Garden Life: Midsummer is time to take stock

By Robb Rosser, Columbian Gardening columnist

Published:

 
photoRobb Rosser

The forecast calls for days of sunshine and drought. Technically, it's time to water, not plant. This is particularly true if you want to plant in an area of the garden that is fully exposed to the midday sun. If you have read my advice in the past, you know that I don't always follow these common sense rules of thumb. A guideline is a practical principle that is based on another's experience. They are often but not always valid.

If I was having an open garden in the month of August and I found a plant that would fill a specific gap in the garden at this time of year, it might be worth the extra effort for me to keep that plant well watered and protected from the sun through the following weeks of hot summer weather. If you simply cannot guarantee the plant's requirements for success at this time of year, wait until autumn's arrival to plant.

Either way, I recommend every gardener take some time in summer to envision what you would like to see growing in your garden in subsequent seasons. By midsummer in my garden the shrubby butterfly rose, Rosa mutabalis, is covered with single blossoms in a mix of hot and cool colors. As new flowers open, the old ones fade from bright cerise to a watercolor pink and all the colors in-between.

A great way to extend the rose season from summer into autumn and even winter is to add roses that are known for their flush of late season fruits, also known as rose hips. Species roses often produce a good crop of hips from single flowers and make good hedges and long season mass plantings in a large garden. The blue leaf rose, Rosa glauca (rubrifolia) is notable for its unusual blue-green foliage with hints of purple, covered with a waxy bloom. The lovely, clear pink flowers are small and bright, produced in clusters of two to five. The fruit is a globose, dark red hip.

One of my favorite summer trees is just now beginning to flower, which is a rarity this late in the season. Stewartia pseudocamellia is a four season tree with mottled cinnamon and khaki bark in winter, bright new-green leaves in spring, small white flowers with yellow anthers in summer, and orange-burgundy fall leaf color. The flowers give the tree its species name with their resemblance to the camellia blossom. Best of all, this tree is a showy, mid-sized specimen that will fit into most gardens.

One benefit of being a garden writer is receiving new plant introductions from nurseries and plant growers. They want to encourage us to grow their plants and to share our favorites with our readers. Proven Winners Color Choice is introducing over 50 new flowering shrub varieties for 2014. As an active gardener, I recognize the essential value of flowering and seasonal interest shrubs in the Northwest garden. Needless to say, I am excited to try a few of my new Proven Winner selections.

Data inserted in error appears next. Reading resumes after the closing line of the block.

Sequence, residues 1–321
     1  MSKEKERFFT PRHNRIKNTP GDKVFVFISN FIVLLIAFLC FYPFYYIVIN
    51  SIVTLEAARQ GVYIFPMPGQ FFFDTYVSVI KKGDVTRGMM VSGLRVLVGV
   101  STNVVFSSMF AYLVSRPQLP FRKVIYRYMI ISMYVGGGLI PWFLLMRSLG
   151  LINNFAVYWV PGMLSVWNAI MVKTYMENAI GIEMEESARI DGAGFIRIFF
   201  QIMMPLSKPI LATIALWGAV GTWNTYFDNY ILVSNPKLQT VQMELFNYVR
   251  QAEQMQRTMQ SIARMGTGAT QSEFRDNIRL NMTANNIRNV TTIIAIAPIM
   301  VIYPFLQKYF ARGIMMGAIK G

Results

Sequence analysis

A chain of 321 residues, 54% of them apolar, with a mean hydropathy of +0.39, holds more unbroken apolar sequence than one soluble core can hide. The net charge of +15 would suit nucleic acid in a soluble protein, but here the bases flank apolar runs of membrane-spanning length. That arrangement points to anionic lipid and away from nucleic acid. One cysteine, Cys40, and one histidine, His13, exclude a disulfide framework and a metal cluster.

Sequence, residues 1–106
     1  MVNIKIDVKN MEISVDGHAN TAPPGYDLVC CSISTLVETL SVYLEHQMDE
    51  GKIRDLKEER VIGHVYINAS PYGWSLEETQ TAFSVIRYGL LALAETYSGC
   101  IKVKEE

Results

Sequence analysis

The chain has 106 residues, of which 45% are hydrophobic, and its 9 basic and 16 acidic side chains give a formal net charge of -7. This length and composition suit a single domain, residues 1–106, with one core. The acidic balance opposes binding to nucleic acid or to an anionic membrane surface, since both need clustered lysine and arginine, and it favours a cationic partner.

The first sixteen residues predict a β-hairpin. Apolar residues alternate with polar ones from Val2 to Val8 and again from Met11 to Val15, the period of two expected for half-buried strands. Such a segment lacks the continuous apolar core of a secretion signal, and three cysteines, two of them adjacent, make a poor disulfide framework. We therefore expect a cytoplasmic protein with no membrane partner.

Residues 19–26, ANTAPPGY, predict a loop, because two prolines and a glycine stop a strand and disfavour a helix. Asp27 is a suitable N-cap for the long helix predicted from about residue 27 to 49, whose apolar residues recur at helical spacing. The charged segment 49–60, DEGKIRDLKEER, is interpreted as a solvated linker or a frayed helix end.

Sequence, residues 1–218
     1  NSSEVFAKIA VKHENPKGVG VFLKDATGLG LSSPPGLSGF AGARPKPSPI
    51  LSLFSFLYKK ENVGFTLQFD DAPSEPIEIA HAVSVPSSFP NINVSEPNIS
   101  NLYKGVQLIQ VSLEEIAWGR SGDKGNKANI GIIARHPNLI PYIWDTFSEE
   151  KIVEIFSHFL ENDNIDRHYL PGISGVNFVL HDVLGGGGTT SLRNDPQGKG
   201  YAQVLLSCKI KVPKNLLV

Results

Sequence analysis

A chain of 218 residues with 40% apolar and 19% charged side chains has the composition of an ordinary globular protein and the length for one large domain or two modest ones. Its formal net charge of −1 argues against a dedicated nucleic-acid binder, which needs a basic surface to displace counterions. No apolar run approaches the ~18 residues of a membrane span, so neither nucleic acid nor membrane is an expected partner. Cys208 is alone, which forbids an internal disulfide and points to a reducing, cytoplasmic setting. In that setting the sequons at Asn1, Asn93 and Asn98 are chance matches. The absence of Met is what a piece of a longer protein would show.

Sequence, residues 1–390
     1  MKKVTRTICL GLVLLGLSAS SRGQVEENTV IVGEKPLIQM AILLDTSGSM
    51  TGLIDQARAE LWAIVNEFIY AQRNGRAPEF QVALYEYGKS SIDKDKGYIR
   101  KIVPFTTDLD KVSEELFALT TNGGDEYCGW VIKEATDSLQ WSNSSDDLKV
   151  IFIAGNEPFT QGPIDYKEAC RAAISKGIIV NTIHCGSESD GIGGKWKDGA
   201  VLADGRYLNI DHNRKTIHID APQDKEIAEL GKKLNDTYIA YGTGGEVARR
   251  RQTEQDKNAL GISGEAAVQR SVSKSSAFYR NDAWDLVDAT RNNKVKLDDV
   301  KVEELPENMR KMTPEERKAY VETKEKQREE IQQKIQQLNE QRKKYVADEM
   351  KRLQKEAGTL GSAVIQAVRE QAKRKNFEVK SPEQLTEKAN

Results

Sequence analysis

At one time, my shrub selections focused on what I considered essential garden viburnums including 'Korean Spice' and 'Spring Bouquet'. I am still in awe of the unrivaled Viburnum plicatum tomentosum 'Shasta', the first doublefile viburnum cultivar to result from a breeding program at the U.S. National Arboretum. A well thought out and deliberate combination of complimentary trees, shrubs, groundcovers and perennials is the key element of a successful garden.

Viburnum 'All That Glitters' and Viburnum 'All That Glows' feature 4 to 6 foot tall and wide shrubs hardy to USDA zone 5. They are about half the size of many typical viburnum varieties and mature with a handsome, dense habit. The high gloss shine of the shrub's foliage is the claim to fame of these two new introductions. When planted near one another, they produce a heavy fruit set of large blue berries in fall. They are also touted as deer resistant but I consider that a "wait and see" issue in my country garden.

At the end of a summer day, when I look around the garden, I can honestly say that there is so much interest and beauty I can rest in the satisfaction of a job well done. If this small patch of garden was all there was, it would be a generous gift to last a lifetime. Then again, how much more lovely it would be if I could just add the bright, golden day-glow foliage of the smoke bush, Cotinus coggygria 'Golden Spirit' as a backdrop in the sunny border.

Robb Rosser is a WSU-certified master gardener. Reach him at Write2Robb@aol.com.